If you’re unsure of the difference between hemp oil and CBD oil, you’re not alone. Cannabis nomenclature is anything but easy for both customers and commercial cannabis operations. And when the introduction of politically charged laws labeling cannabis as a Schedule 1 drug came into play, the terminology and definitions surrounding cannabis became even more convoluted.
It’s important to know precisely which product you want to manufacture, as it determines what equipment you’ll need for processing. To properly explain the difference between hemp oil and CBD oil, let’s take a close look at the popular terms surrounding these products.
An Overview of Hemp Oil Terminology
Hemp and marijuana are functional words that allow you to easily communicate the THC content of your cannabis plant. Hemp and marijuana are both the same species – cannabis sativa L. When the strain you are cultivating produces 0.3% THC or less by dry weight, it can be identified as hemp. And as we discuss hemp oil, we will be referring to oils manufactured from low-THC cannabis, or hemp.
Whether through breeding, variations in nutrition and light, or just stubborn genetics, hemp can “go hot” when its THC levels rise above the legal 0.3%. When this happens, your hemp is then considered marijuana and it will likely need to be destroyed — we’ll dive deeper into this topic in a future article. For now, let’s talk hemp oil.
What Is Hemp Oil, Exactly?
The term “hemp oil” is used to market a range of products from topicals, anti-inflammatory lotions, CBD tinctures, and cooking additives. The definition of “hemp oil” differs depending on who you ask and how it’s being used on a product label. It’s best to consider hemp oil as an umbrella term that could refer to hemp seed oil or CBD oil. And it’s important to be specific because the two types of oil are very different from each other.
Here are the four common terms that fall under hemp oil:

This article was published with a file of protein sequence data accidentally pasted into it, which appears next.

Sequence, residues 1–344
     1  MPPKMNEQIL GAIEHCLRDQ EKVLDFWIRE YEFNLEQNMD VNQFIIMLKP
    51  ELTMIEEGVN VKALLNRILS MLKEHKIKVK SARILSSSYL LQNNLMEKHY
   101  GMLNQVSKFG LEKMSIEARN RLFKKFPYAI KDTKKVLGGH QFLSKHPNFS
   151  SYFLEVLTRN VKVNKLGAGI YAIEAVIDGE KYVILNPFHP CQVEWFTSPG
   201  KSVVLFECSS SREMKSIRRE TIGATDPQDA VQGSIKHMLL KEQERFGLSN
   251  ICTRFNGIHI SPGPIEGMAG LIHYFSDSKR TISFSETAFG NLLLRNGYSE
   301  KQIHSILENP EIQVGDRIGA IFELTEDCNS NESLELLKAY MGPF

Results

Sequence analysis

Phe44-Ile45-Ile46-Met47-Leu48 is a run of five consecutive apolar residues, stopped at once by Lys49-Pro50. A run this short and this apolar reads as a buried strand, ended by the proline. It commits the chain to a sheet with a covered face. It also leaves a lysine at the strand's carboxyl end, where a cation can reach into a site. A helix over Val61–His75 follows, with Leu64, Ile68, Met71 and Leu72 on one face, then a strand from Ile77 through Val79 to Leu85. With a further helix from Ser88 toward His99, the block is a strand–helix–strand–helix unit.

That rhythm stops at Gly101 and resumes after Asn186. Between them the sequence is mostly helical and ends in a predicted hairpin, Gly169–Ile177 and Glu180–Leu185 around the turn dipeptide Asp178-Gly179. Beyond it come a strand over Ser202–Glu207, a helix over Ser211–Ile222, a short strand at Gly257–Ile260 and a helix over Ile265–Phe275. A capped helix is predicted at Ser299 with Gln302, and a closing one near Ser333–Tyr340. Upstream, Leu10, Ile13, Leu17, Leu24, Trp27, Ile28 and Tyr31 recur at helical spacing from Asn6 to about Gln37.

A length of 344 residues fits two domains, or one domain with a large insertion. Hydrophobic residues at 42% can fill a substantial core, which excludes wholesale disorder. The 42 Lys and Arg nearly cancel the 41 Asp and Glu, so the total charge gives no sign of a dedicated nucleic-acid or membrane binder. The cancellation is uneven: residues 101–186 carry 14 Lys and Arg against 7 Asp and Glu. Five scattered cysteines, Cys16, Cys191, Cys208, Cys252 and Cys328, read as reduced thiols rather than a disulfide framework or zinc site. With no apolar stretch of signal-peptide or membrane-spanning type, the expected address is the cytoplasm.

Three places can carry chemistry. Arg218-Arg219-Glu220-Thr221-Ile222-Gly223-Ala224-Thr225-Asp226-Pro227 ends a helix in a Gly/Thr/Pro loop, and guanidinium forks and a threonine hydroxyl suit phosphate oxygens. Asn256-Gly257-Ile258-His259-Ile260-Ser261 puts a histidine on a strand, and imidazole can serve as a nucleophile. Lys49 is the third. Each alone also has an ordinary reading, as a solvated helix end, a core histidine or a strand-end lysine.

- Hemp seed Oil
- CBD Oil
- Cannabis Oil
- Full Spectrum Hemp Oil
The four terms above breakdown into two categories, hemp seed oil and cbd oil, with “cannabis oil” and “full spectrum hemp oil” being variations of CBD oil. These hemp products offer a multitude of health benefits and interact with our bodies naturally. For customers seeking organic remedies for inflammation, high blood pressure, anxiety, and healthy substitutes to refined oils, hemp products are a great alternative. To fully appreciate the characteristics of each, let’s break down the oils that hemp has to offer.
What Is Hemp Seed Oil?
When someone is looking for hemp oil, they are typically looking for hemp seed oil. Hemp seeds can be eaten on their own or chopped into a salad. Although hemp seeds normally contain no more than trace amounts of THC, they frequently come in contact with the plant’s trichomes during processing. This is why it’s important to use hemp seeds rather than marijuana seeds, because any cannabinoids present in the plant can tag-along and get processed into the hemp seed oil.
Hemp seed oil is becoming increasingly popular among the health-conscious. Now that we’ve discussed what type of cannabis seeds are used to make the oil, next let’s take a look at how it’s made.
How Hemp Seed Oil Is Manufactured
There are a couple ways to process hemp seeds into hemp seed oil. However, the most practiced method is to use oilseed press equipment. The more technical name for this type of oil press is the expeller screw press. These machines leverage the physics of a steel screw-like shaft to create the pressure needed to extract the oils from seeds and nuts.